There are few things that will get you offside quicker in Germany than going to a village butchers 20 minutes before closing and ask for some sliced ham.
“Ei, mer habbe doch grad die Maschine saaber g’macht”
(Oh no, we’ve just finished cleaning the slicer…”)
Subsequently you’ll be referred to in the village as “Der do der immer kurz vor Schluss zum Fleischää kimmt und will aach noch soi Zeusch immer dinn geschnidde habbe”
(“That bloke who always turns up just before closing and wants his ham thinly sliced”)
It happens in America, too, which does surprise me, given that it’s generally considered to be an oasis of service-orientation.
Stonewall Kitchen started off in 1991 as two guys selling home-made jams and vinegars at local produce markets.
We stumbled over them in the mid to late 1990s after they’d expanded into tiny premises in a strip mall in York, Maine with a kitchen in the back where they’d make 10 gallon batches of preserves.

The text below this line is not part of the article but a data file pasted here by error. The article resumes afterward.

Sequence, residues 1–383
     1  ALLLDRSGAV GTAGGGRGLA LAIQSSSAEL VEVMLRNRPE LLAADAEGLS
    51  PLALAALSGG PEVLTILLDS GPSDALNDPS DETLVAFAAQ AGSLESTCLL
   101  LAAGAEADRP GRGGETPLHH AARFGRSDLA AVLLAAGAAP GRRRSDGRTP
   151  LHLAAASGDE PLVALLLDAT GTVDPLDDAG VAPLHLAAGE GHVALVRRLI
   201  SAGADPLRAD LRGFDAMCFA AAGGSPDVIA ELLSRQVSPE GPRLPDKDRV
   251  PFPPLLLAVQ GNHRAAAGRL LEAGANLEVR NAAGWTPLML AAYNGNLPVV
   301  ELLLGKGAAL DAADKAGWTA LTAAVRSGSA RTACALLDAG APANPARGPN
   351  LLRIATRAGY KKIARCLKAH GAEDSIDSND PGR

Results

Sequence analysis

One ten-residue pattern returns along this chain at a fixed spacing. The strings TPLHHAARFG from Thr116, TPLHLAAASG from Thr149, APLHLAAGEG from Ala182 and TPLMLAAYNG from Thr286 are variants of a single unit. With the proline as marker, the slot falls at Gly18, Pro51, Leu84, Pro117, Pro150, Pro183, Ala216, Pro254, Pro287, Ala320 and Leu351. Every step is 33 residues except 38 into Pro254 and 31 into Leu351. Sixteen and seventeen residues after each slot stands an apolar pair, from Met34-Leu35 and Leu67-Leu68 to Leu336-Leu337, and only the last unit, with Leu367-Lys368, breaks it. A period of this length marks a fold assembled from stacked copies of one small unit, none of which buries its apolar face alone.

These days, they’re nationally known with 8 company stores and a classy flagship store just outside York, selling virtually everything you could possibly use in a kitchen and still with hand-written (sort of) labels.
And they have a café.
Look at the menu and you just KNOW it’s going to be good.
Which it is.
Except when you go there at 3:30 (they’re nominally open until 4pm), they’ve cleared out the displays and you get your coffee served in a paper cup “because we close at 4…”
Or when you ask for your breakfast English muffin toasted and un-buttered and they tell you that THEY (the standard “wellit’snotMYfault” cop-out) butter all the muffins first thing in the morning and no, THEY can’t give you an un-buttered one.
And if you write to them, pointing out just how silly this is, Liz Fabale, the café manager will write the following vapid response:
Your Friend in Good Taste
I know what she’s really saying, but until I am more limber, the anatomical manoeuvre she suggests is not physically possible for me at this time.
It must be me.